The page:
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Wall Street investment banks to delist Hong-Kong products following US ban

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Suban Abdulla
·4-min read
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JERSEY CITY, NJ - JUNE 21: The two tallest buildings in New Jersey, 99 Hudson Street and the Goldman Sachs building stand tall over the Empire State Building and Chrysler Building in New York City as the sun rises on June 21, 2020 in Jersey City, New Jersey. (Photo by Gary Hershorn/Getty Images)
From 11 January 2021 US investors will be prohibited from owning or trading any securities of the banned companies. Photo: Gary Hershorn/Getty Images

US investment banks will delist Hong-Kong (0388.HK) products following an order by Donald Trump.

The US president’s order bans American citizens from investing in Chinese firms the government deems to have links with China’s military.

JPMorgan (JPM), Goldman Sachs (GS) and Morgan Stanley (MS) units will delist a total of 500 Hong Kong-listed structured products, according to Hong Kong stock exchange filings on Sunday.

Trump’s order covers 35 Chinese firms that Washington says "enable the development and modernisation" of China's military and "directly threaten" US security.

Bourse operator Hong Kong Exchanges and Clearing said in a statement it was “working closely with the relevant issuers to ensure orderly delisting, and facilitate buyback arrangements being arranged by the issuers.”

It added: “We do not believe this will have a material adverse impact on Hong Kong’s structured products market, the largest in the world with over 12,000 listed products.”

From 11 January US investors will be prohibited from owning or trading any securities of the banned companies. This includes pension funds or owning any shares in blacklisted Chinese companies.

Transactions made in order to divest ownership in the firms will be permitted until 11 November 2021.

“China is increasingly exploiting United States capital to resource and to enable the development and modernisation of its military, intelligence, and other security apparatuses,” a White House release said.

The rules have left financial institutions — which face fines for noncompliance — confused.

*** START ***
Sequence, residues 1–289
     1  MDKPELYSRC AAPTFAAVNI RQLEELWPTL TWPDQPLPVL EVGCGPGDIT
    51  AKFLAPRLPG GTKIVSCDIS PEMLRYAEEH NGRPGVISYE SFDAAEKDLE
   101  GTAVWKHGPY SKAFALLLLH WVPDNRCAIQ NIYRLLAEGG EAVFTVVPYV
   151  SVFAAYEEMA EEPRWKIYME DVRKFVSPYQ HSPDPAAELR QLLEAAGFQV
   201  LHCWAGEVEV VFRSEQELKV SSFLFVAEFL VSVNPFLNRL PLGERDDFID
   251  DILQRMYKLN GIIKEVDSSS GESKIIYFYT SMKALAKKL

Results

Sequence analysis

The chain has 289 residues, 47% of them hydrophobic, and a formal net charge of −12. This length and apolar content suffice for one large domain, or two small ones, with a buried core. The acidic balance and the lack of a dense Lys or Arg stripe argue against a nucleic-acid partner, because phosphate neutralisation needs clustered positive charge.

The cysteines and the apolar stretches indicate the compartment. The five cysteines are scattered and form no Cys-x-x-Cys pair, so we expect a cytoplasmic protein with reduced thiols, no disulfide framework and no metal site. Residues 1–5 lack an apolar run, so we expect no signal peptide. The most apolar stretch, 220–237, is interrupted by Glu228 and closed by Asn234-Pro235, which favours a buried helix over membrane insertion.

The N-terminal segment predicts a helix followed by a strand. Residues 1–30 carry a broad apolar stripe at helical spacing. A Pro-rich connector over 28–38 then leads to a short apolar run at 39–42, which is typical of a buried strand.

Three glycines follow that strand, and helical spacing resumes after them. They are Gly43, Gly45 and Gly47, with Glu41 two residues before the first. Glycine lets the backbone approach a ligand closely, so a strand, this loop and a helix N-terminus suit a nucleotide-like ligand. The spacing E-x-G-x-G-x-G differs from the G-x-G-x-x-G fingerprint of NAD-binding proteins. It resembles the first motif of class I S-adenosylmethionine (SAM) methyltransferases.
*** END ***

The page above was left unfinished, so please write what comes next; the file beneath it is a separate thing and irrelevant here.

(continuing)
Investors were taken for a bumpy ride, when the New York Stock Exchange (^AMZI) announced on 31 December that it would delist three major Chinese telecom firms in compliance with Trump’s orders, only to reverse its decision.

On Wednesday, the NYSE said that it dropped the plans after “further consultation with relevant regulatory authorities in connection with Office of Foreign Assets Control.”

But, on Thursday, in another U-turn fulled by pressure from the Trump administration, it said it would press ahead with the delistings of American depository shares in China Telecom (CHA), China Mobile (CHL) and China Unicom (CHU).

Major stock index groups like MSCI (MSCI), S&P Dow Jones Indices (^DJI) and FTSE Russell as well as popular trading app Robinhood have all taken steps to adhere to the order.

READ MORE: Trump bans Americans from investing in 'Chinese military-linked' firms

China’s Huawei and Hikvision (002415.SZ) — one of the world's largest manufacturers and suppliers of video surveillance equipment — are among the blacklisted companies.

While the order doesn’t specify specific penalties for violations, it gives the US Treasury Department the ability to invoke “all powers” granted by the International Emergency Economic Powers Act, which permits the use of tough sanctions.

WATCH: What does a Joe Biden presidency in the US mean for the global economy?

On Saturday, China fired back at the US with new rules to counter foreign sanctions on Chinese companies and citizens as economic relations between Beijing and Washington fray.

The order, which went into effect on Saturday, empowers China to tell firms and citizens to ignore foreign restrictions and sue global businesses for complying.

This means that China can strike back at countries or companies that comply with US bans such as the ban on Huawei, which has prompted many global nations to sever ties with the Chinese firm.

In July, the UK government decided to block the Chinese firm from having a role in the country’s 5G network. As a result, British telecoms firms were instructed to remove Huawei equipment from the 5G network by 2027 and stop buying new 5G equipment from the company by the end of 2020.

The Rules on Counteracting Unjustified Extraterritorial Application of Foreign Legislation and Other Measures are meant to counter foreign laws that “unjustly prohibit or restrict” people or firms in China from doing normal business, the country’s commerce department said.

It said that the measures were necessary to safeguard China’s national sovereignty and security and to protect the rights of its citizens and entities.

A Chinese person or organisation that is restricted by foreign legislation from “engaging in normal economic, trade and related activity with a third State or its citizens,” may report it to the commerce department within 30 days.

China’s commerce department will then assess a case for its potential violation of international law, impact on China’s sovereignty and national security, and impact on Chinese citizens.